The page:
I don’t usually buy books about urban planning, but “The Twilight of Cities” (1962) by E.A. Gutkind recently caught my eye at a Salvation Army thrift store. Something about that title…
A quick perusal of the pages revealed more than the history of cities and proposed ideas for designing better urban living centers (decentralized, was Gutkind’s vision). To my surprise and delight, E. A. Gutkind inserted a few gems of what might best be classified as “social commentary.”
Knowing a little something about E.A. Gutkind is necessary to fully understand the quotes I am about to share with you.
Erwin Anton Gutkind was born in Berlin Germany in 1886. He became an architect of repute. Most of the buildings he designed in Germany are still standing, and are designated as historical treasures. But E.A. had a personal “problem” that prompted him to leave Germany in 1935. He was Jewish.
Gutkind was, evidently, an intelligent man. He saw the handwriting on the wall. He got himself out out of Germany before the Nazi ascendency started herding Jews into the ghettos; before it was too late to get out. He went first to Paris, then to London and, in 1956, he ended up in America. He taught at the University of Pennsylvania. He authored several books before his death in 1968. (my thanks to Wikipedia)
It so happens that sociology is an integral part of urban planning. Sociology is “the systematic study of the development, structure, interaction, and collective behavior of organized groups of human beings.” The sociological insights of E. A. Gutkind were, no doubt, influenced by his own personal observations and experiences. And now, 57 years after E.A. Gutkind wrote the following four quotes, his insights are profoundly pertinent to our times…
“Two antagonistic attitudes are visible today. There are the eternal conformists, who are ready to accept the ascendency of the State as an unavoidble fact, and consequently will listen to even the most superficial slogans with which a superficial propagnda tries to dull their independent judgment. But there are also those who are conscious of their own individuality and refuse to be lulled into the security of an easy conformity. These eternal rebels against the leveling embrace of group bondage under the cover of patriotism, nationalism, professional interests, and the like are ready to rely on their own responsibility and their own strength.”E.A. Gutkind, from “The Twilight of Cities” (1962)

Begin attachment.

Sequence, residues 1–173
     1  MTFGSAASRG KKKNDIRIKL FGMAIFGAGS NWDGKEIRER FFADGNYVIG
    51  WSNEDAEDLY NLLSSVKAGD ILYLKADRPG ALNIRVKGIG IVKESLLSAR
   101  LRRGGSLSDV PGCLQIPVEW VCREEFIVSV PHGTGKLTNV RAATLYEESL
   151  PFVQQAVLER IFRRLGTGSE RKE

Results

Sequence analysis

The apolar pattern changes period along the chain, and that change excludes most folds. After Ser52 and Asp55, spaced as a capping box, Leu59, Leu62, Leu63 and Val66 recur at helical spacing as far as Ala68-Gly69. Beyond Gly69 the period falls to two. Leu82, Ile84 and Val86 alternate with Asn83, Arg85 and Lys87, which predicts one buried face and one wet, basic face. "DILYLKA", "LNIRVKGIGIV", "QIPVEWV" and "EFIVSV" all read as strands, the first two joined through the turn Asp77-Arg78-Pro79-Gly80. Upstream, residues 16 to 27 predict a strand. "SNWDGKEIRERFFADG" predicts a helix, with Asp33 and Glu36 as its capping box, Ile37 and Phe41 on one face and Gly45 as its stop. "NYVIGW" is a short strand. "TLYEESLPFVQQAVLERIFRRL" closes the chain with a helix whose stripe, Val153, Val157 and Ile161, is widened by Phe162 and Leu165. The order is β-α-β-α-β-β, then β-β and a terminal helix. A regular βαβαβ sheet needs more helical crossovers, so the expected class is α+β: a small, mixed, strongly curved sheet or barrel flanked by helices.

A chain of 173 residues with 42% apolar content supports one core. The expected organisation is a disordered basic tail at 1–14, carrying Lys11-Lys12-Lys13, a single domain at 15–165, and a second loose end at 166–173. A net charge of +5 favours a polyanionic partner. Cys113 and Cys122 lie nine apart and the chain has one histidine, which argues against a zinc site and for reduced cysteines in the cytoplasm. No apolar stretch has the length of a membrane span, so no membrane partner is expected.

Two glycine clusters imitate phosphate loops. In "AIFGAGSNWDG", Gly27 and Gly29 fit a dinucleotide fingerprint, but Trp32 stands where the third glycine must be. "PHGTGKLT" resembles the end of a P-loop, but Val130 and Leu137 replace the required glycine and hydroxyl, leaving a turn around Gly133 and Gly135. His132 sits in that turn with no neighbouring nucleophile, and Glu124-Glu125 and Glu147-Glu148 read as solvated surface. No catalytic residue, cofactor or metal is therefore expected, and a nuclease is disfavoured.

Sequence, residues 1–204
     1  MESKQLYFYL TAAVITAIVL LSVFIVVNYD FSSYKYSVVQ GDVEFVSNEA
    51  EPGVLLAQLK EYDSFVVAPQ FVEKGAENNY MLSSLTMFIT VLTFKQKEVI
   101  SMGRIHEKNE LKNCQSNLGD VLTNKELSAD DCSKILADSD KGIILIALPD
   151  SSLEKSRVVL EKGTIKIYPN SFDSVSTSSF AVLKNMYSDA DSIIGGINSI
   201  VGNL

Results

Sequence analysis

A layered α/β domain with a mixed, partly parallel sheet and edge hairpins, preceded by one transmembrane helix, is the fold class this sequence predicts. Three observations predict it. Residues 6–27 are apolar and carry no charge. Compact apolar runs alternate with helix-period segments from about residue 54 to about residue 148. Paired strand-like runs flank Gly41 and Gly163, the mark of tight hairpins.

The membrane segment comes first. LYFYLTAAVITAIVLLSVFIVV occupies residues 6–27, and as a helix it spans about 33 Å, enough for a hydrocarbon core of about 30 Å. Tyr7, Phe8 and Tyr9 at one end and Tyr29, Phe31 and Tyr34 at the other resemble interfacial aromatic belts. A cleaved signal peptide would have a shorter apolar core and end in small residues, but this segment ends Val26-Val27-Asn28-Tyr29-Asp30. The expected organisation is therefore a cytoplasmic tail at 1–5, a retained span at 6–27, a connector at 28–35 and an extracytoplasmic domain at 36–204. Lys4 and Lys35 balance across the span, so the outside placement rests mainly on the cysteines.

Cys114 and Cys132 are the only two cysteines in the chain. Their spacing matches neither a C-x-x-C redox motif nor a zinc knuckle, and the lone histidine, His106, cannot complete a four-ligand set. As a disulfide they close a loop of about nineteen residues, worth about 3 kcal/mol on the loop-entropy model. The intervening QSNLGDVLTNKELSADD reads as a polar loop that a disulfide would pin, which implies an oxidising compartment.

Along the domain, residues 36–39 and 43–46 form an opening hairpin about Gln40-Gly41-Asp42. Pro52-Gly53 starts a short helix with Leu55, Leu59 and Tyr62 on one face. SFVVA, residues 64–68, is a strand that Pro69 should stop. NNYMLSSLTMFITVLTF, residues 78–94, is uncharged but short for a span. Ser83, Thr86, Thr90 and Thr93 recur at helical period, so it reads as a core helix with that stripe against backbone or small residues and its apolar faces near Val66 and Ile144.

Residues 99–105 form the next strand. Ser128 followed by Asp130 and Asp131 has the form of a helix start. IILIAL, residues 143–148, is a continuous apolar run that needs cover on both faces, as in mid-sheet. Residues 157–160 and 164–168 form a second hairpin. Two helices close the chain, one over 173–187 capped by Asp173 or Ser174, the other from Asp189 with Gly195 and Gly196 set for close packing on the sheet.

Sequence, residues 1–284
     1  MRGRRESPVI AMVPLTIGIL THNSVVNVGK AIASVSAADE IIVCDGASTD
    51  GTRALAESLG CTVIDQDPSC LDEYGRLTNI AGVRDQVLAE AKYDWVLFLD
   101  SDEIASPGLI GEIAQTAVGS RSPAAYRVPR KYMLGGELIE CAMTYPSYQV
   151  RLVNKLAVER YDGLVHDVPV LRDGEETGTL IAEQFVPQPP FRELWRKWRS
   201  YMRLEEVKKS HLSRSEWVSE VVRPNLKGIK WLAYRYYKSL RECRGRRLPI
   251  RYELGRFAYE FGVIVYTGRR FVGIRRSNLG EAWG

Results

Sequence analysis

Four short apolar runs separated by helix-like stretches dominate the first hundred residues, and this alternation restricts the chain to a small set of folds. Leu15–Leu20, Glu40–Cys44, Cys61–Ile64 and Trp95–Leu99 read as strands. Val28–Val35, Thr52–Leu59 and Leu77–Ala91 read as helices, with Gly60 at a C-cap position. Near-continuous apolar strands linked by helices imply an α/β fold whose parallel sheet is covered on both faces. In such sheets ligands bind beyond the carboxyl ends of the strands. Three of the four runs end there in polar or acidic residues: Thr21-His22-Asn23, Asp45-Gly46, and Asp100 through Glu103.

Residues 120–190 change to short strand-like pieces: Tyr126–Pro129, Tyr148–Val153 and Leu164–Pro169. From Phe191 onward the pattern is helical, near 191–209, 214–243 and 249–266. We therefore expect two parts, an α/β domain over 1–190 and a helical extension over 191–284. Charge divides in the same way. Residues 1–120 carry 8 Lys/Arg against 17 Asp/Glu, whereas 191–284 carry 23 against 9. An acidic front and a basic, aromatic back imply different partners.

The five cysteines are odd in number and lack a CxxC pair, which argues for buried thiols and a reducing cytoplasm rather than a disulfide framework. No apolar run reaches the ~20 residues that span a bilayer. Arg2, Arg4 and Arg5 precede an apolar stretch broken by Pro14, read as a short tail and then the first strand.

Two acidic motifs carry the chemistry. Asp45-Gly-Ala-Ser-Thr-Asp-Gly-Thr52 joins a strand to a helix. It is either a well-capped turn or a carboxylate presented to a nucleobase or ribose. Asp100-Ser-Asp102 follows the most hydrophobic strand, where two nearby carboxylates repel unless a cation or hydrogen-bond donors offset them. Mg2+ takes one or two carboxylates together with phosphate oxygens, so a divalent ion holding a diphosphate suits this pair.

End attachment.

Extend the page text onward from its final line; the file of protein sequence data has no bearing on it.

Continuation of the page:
“… The exponents of contemporary religion are money and material success. Their seats of power, their temples, are concentrated in the centers of cities, from which their high priests, the leaders of banking and commerce, manipulate the life of the masses. Cities of the past were built around temples and churches, palaces and town halls, as meaningful centers of society. They were small in scale, and organic entities. Today, the city centers, with their banks, insurance companies, and commercial palaces, are the strongholds of a fractional mass society, vast in scale and amorphous in structure.”E.A. Gutkind, from “The Twilight of Cities” (1962)
“Hence, we see the almost unlimited gullibility of the masses and the standardized manner in which they make use of their daily leisure. They watch the same films; they listen to the same radio programs; they read the same magazines filled with mediocre articles on “what the public wants.” In other words, their leisure is prefabricated for them, and psychological mass manipulation has a field day.”E.A. Gutkind, from “The Twilight of Cities” (1962)
“From the cities, growing more and more amorphous economically and socially, there have been spreading forces that exert an ever-increasing impact on the rural areas, disintegrating old ways of living and creating a new attitude toward life. These forces are moving toward the same goal, toward an integration of all parts of large regions. This development will grow in intensity and lead to unity in diversity encompassing whole countries.”E.A. Gutkind, from “The Twilight of Cities” (1962)
Few people care to resist the “security of easy conformity.” To do so requires an understanding of mass sociological manipulation, as employed by government, industry, and various special interests. To resist is to stand out from the crowd. To resist is to invite criticism, or worse.
But, from my perspective as a follower of Jesus Christ, resistance to the secular zeitgeist is integral to my faith. It is, I hasten to say, a passive, personal, and even respectful resistance. But it is resistance nonetheless.